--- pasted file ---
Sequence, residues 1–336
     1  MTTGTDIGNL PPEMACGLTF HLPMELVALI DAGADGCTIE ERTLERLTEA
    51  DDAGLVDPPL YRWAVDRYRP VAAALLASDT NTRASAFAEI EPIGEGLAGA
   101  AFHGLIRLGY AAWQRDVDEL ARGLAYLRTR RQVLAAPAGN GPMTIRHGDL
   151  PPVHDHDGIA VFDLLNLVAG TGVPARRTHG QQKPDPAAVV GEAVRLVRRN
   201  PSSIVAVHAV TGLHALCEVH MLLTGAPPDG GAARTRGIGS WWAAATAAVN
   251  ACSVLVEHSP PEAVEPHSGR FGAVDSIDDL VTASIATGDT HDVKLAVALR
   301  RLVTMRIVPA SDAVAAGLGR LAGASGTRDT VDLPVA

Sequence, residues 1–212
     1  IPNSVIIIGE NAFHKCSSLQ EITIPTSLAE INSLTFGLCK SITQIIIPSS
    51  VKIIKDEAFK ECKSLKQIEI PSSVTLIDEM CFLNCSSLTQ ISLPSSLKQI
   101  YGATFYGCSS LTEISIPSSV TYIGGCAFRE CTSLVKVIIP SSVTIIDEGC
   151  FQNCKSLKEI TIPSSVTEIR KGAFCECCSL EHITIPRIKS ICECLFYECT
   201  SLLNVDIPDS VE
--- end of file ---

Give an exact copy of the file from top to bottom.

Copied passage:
Sequence, residues 1–336
     1  MTTGTDIGNL PPEMACGLTF HLPMELVALI DAGADGCTIE ERTLERLTEA
    51  DDAGLVDPPL YRWAVDRYRP VAAALLASDT NTRASAFAEI EPIGEGLAGA
   101  AFHGLIRLGY AAWQRDVDEL ARGLAYLRTR RQVLAAPAGN GPMTIRHGDL
   151  PPVHDHDGIA VFDLLNLVAG TGVPARRTHG QQKPDPAAVV GEAVRLVRRN
   201  PSSIVAVHAV TGLHALCEVH MLLTGAPPDG GAARTRGIGS WWAAATAAVN
   251  ACSVLVEHSP PEAVEPHSGR FGAVDSIDDL VTASIATGDT HDVKLAVALR
   301  RLVTMRIVPA SDAVAAGLGR LAGASGTRDT VDLPVA

Sequence, residues 1–212
     1  IPNSVIIIGE NAFHKCSSLQ EITIPTSLAE INSLTFGLCK SITQIIIPSS
    51  VKIIKDEAFK ECKSLKQIEI PSSVTLIDEM CFLNCSSLTQ ISLPSSLKQI
   101  YGATFYGCSS LTEISIPSSV TYIGGCAFRE CTSLVKVIIP SSVTIIDEGC
   151  FQNCKSLKEI TIPSSVTEIR KGAFCECCSL EHITIPRIKS ICECLFYECT
   201  SLLNVDIPDS VE